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2Dark Review

How Dark is 2Dark?

2Dark Review

I came to 2Dark with absolutely no working knowledge of the Alone in the Dark game series. I knew of the series’ existence, but that was by and large the limit of what I did actually know about the games. Because of this, I didn’t have any preconceptions of what I was approaching, and therefore didn’t have any expectations that could be left unfulfilled when it came to the time of wrapping my review. As I played though, It soon became very apparent that Alone in the Dark and 2Dark were going to be completely different games, and not having played any of the former games would hold no sway on one’s experience with the latter.

For those who are familiar with Alone in the Dark let me be the first to inform you that gone is Edward Carnby, the protagonist from the original 2008 game up to the 2015 installments. We are instead introduced to a protagonist known only as Mr. Smith who, after a camping trip gone awry (resulting in the murder of his wife and his children kidnapped) his only goal in life is to right the wrongs done to the innocent everywhere while hopefully finding his own missing offspring in turn. The game picks up exactly seven years after the events of aforementioned vacation, leading us to presume that poor Mr. Smith has been unsuccessful in his endeavors, yet still he persists. This, in a nutshell, is the premise of 2Dark.

Well. You're terrifying.

Well. You’re terrifying.

2Dark starts with a great deal of promise. A stylized environment reflective of the bygone days of noir storytelling featuring a dastardly kidnapping ring hidden within a town already laden with crime and one washed up old detective who is tackling the one case he was never able to solve: who destroyed his family? All in all, this should make for some well thought out narrative, and I’ll be the first to admit that it really does. However, right as you begin gameplay, something about 2Dark begins to feel a little bit off.

Artistically, the mood and the design just don’t mesh. With the pixelated, washed out color scheme things are already hard to pick out, now couple that with a ¾ isometric camera angle, the all too constant shadows and varied yet pitiable light sources (almost all of which are poor, and those that are least so never last long) and you have yourself a mighty big problem when it comes to just trying to figure out where on earth you’re going! I fell to my death twice within the first three minutes of gameplay only because I didn’t know that what I was looking at in the space ahead of me, which was in fact, a giant hole.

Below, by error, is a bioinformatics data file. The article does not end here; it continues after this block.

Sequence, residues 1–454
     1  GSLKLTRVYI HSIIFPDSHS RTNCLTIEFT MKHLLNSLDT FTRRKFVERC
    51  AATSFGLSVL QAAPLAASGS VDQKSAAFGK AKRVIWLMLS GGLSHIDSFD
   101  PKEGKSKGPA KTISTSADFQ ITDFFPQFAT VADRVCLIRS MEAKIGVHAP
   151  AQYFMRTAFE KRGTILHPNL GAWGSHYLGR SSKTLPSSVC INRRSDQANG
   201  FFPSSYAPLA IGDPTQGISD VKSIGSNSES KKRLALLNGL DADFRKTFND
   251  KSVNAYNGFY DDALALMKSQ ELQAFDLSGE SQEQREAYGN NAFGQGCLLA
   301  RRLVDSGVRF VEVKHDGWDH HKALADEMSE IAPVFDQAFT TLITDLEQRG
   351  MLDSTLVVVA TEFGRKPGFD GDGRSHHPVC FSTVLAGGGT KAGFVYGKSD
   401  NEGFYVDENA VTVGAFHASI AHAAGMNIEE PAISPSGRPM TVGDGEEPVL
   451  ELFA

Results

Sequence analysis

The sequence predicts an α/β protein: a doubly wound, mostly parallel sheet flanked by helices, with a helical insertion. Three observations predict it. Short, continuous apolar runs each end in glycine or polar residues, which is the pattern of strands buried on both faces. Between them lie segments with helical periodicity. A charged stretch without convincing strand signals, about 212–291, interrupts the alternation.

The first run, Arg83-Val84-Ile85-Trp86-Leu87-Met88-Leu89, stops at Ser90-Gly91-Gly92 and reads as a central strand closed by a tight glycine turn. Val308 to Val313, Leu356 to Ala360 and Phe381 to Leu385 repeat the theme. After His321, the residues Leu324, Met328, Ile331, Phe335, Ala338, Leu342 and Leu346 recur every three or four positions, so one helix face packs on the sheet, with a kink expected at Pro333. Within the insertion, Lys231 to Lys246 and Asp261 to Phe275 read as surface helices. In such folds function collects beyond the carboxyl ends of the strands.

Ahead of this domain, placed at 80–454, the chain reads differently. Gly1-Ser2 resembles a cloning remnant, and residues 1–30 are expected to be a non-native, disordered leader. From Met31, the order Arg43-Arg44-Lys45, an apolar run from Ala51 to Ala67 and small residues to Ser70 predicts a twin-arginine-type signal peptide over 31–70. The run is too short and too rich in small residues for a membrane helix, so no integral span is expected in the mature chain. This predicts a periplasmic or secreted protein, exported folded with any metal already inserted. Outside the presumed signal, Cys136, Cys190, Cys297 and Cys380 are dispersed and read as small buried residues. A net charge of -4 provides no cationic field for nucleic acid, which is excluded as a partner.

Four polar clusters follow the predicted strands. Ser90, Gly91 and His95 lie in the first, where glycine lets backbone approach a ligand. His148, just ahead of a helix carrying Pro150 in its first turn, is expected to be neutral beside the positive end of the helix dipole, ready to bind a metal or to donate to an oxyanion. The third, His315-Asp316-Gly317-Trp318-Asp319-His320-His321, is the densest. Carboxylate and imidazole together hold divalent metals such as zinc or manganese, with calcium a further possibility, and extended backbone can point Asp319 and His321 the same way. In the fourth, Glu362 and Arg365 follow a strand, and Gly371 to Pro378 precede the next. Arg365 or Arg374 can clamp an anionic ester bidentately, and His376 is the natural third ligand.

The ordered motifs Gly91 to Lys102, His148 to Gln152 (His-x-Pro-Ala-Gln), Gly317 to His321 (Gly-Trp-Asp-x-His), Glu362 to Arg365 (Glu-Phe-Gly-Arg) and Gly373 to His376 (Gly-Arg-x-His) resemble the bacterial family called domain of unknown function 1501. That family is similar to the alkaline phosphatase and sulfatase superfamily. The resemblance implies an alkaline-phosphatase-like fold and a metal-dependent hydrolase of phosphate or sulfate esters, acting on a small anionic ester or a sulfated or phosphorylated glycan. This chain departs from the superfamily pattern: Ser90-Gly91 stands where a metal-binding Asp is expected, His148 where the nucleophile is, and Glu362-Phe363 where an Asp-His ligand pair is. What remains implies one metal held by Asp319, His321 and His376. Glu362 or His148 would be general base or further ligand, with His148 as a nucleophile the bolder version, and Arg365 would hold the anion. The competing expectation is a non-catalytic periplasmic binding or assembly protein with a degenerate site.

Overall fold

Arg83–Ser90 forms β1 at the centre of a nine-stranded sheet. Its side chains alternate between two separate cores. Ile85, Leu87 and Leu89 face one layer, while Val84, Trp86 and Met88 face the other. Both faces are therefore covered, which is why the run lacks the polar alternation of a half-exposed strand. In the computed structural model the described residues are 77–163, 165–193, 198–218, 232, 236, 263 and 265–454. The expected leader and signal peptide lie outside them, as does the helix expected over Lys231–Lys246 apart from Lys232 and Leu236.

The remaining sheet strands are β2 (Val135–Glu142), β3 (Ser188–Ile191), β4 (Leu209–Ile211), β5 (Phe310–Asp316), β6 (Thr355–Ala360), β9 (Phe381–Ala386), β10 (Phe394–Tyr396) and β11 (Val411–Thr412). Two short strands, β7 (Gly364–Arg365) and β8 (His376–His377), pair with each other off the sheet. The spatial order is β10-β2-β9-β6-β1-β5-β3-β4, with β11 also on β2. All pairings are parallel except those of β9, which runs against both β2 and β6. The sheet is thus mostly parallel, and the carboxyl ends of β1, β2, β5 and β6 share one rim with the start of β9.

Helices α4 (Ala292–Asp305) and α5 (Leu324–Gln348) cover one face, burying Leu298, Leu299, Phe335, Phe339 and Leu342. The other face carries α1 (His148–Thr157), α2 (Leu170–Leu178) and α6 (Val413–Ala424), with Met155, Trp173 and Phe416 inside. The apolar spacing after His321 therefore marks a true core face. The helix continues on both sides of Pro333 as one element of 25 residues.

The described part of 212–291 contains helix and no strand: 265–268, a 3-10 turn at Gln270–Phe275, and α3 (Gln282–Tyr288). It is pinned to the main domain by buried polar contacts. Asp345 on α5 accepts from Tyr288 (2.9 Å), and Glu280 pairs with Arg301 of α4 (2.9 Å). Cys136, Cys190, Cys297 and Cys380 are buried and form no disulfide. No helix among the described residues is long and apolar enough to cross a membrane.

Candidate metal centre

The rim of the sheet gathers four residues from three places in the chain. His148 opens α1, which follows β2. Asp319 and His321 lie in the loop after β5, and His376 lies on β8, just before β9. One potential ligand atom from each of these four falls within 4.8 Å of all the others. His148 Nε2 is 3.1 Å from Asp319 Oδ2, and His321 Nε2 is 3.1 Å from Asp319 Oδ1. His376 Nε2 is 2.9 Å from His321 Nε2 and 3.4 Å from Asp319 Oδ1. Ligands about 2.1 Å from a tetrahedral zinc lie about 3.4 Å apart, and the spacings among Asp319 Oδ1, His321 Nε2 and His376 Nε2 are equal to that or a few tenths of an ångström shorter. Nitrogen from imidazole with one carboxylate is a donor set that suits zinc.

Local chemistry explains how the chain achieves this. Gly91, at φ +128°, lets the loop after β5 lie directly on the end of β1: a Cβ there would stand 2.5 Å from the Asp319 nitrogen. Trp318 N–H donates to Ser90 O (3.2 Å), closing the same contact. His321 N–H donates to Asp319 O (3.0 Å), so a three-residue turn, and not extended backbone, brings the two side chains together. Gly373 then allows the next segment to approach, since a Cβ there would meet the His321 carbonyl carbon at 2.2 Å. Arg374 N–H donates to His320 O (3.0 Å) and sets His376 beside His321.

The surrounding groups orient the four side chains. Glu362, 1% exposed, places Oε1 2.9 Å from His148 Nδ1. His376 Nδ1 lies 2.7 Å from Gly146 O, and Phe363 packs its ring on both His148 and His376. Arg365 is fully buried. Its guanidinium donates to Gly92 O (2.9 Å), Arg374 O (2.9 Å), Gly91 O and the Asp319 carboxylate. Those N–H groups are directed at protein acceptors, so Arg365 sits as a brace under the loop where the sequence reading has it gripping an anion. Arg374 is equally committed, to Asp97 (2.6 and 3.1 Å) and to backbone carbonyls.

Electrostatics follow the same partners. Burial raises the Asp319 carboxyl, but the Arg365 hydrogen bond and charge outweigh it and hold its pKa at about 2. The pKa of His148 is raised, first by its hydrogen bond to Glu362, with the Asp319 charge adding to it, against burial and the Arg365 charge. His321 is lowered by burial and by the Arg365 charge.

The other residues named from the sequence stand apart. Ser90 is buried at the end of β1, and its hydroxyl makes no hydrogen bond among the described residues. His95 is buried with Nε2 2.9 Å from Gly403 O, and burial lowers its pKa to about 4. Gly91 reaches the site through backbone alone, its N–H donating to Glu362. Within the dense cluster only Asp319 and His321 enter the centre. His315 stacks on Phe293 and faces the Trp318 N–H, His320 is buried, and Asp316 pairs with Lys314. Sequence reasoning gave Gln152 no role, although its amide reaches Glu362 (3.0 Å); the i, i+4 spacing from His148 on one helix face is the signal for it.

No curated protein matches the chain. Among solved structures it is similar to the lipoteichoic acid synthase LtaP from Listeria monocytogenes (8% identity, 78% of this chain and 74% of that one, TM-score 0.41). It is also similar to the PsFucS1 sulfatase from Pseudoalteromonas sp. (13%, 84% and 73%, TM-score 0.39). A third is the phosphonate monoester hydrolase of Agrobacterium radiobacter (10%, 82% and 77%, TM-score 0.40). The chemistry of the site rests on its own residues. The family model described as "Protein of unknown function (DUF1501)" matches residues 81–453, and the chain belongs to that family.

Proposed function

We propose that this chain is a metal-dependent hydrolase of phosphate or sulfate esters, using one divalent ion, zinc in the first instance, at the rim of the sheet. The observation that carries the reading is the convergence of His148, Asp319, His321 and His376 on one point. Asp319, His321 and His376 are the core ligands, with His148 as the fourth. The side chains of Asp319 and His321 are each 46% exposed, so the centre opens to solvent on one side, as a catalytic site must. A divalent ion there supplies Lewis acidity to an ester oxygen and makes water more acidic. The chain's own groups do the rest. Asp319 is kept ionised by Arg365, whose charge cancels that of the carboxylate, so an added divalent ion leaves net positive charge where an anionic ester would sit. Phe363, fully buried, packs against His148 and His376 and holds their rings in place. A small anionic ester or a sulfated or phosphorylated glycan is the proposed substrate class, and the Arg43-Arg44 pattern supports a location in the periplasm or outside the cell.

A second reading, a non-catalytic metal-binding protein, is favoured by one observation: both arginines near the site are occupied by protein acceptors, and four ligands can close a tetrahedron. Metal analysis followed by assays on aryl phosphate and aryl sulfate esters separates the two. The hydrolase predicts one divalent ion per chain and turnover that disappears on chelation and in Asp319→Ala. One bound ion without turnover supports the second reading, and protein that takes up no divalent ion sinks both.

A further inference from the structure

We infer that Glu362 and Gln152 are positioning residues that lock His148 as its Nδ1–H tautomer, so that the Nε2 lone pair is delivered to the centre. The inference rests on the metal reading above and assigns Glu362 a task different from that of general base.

The in between cut scenes are narrated with pretty good voice acting, but inside of the game you are met with weird floating text for character interactions that can actually overlap depending on where you are standing on the map, rendering important information almost unobtainable in certain circumstances.

You should do that, because talking to yourself isn't normal.

You should do that, because talking to yourself isn’t normal.

One of 2Dark’s saving graces is that the stealth is done well enough to not cause any more problems than the standard application of stealthing creates in most games. There are long periods in which you must wait to pull off a kill, and because NPCs move around a lot you have to make sure you time your kills just right so as to avoid being obliterated yourself (because NPCs take a LOT of firepower to kill when approaching them head on, while you have the sustainability of a dried leaf in a hurricane). Most of the time kills can be accomplished easily enough, but there were a few instances in which I was at a complete loss as to how best to achieve them.